When the Land family arrives home in Roofing, Minnesota, they find their front door tarred black from top to bottom. There is no doubt who the culprits are. Reuben is having trouble breathing because the air is thicker and warmer here and Swede is so sound asleep that she has to be carried to bed. Reuben is told to sit until Dad can help him. He and Davy are silent and businesslike because of the children and the door.
Reuben takes a moment at this point to explain how it feels to try to breathe while having an asthmatic attack. He compares it to a bellows which has a tiny air-born seed suddenly stick inside it and slowly you have to work a little harder to make it work. It becomes sponge-bound and the air couldn’t blow out the candle on a baby cake. The air gets close and sticky and you know that if you fall asleep the bellows will stop working completely. It occurs to Reuben that his father with his miraculous ability to walk on air should be able to fix his defective lungs. Instead, his dad brings boiling water on a pan and then on a cutting board and sets it on Reuben’s lap. He drapes a blanket over his head to allow his to breathe in the steam.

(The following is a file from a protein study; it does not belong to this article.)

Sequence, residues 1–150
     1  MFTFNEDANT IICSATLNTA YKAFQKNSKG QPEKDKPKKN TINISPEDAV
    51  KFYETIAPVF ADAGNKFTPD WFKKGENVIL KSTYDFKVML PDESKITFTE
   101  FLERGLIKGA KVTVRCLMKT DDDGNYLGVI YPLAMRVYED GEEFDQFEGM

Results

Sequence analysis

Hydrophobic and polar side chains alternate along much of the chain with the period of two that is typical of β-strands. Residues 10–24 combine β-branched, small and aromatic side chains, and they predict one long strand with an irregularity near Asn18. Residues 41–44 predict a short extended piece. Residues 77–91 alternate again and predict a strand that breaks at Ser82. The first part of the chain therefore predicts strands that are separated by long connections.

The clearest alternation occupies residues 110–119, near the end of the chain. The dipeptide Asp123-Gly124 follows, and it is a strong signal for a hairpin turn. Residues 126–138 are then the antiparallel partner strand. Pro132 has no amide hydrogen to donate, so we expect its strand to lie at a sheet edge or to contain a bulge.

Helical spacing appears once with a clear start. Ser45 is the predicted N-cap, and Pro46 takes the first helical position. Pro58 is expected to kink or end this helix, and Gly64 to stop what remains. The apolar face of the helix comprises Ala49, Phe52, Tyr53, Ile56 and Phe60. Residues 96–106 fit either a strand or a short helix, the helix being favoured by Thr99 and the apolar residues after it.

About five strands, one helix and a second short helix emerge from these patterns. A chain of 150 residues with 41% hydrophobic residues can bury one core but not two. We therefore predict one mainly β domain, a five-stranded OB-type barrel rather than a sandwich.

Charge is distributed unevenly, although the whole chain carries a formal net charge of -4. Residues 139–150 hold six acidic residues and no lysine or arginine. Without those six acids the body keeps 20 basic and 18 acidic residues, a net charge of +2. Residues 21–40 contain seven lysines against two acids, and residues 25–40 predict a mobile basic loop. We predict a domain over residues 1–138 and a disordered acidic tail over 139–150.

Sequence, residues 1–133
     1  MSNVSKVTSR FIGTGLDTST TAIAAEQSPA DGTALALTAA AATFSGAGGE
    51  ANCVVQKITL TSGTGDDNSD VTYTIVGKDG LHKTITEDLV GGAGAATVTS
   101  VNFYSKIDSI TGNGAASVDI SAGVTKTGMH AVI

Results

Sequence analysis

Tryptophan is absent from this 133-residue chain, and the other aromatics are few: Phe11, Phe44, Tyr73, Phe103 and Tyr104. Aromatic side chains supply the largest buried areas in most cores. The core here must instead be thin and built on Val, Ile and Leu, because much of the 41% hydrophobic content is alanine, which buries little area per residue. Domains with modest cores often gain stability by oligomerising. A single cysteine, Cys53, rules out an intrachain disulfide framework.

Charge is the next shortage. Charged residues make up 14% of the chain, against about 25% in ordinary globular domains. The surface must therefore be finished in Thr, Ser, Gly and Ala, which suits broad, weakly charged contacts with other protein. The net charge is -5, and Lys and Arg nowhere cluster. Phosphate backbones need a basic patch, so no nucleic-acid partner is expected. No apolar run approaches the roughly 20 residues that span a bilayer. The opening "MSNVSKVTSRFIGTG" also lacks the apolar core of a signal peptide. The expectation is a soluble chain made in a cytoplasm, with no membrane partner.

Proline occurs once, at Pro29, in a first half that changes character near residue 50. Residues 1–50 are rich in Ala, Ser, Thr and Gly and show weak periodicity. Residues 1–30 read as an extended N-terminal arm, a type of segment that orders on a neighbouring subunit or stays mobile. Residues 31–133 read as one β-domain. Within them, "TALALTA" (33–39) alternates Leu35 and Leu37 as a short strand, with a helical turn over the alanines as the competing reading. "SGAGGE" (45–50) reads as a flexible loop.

Dad realizes he can clean the sill of the door, but the door itself is a goner. It makes him stop and try to explain to Reuben how this all came about. Reuben is reluctant to hear about it, because he feels like more than their door has been defiled. Their home is defiled as well and their lives have changed as certainly as their cheerful green door has gone black. He tells his father that he knows about Dolly and those guys. Dad chuckles and says that now it’s Reuben’s chance to learn about the principle of escalation, just like in wars. He frames his locker-room skirmish as a composition on wartime ethics. Later, Reuben learns the details of the skirmish: Dolly had returned to the locker-room for a pair of shoes she had forgotten when she was trapped by Finch and Basco. Dad was in the boys locker-room when he hears the noise in the girls room. He knew that no one should have been in there at that hour and listened just long enough to hear another laugh and then a yelp. He unscrewed the head of his broom from the handle and headed for the girls locker-room. He found Dolly crouching in a corner and saw her take a Master padlock from one of the locker doors and heave it at Israel Finch to the left of his Adam’s apple. Reuben thinks it’s unfortunate that it only hits some capillaries instead of his jugular vein. However, Israel got up and while Tommy held Dolly, Israel began to slap and punch her. She got to the point where she was losing her strength and giving up when she saw Dad come through the door, glowing and serene just like you would imagine an angel to be. He began to swing the broom handle and the two boys didn’t even run, because they were so afraid of the being coming to punish them. As she watched Jeremiah Land beat the boys with his glowing face the only light in the room, Dolly began to laugh not only from relief but also from a reckless and holy sort of joy she had never felt. She is the witness this time to Jeremiah’s miracles. Of course, Israel cannot leave. Swollen and bruised as he is, without a parting threat that the two boys will be watching Jeremiah and his family.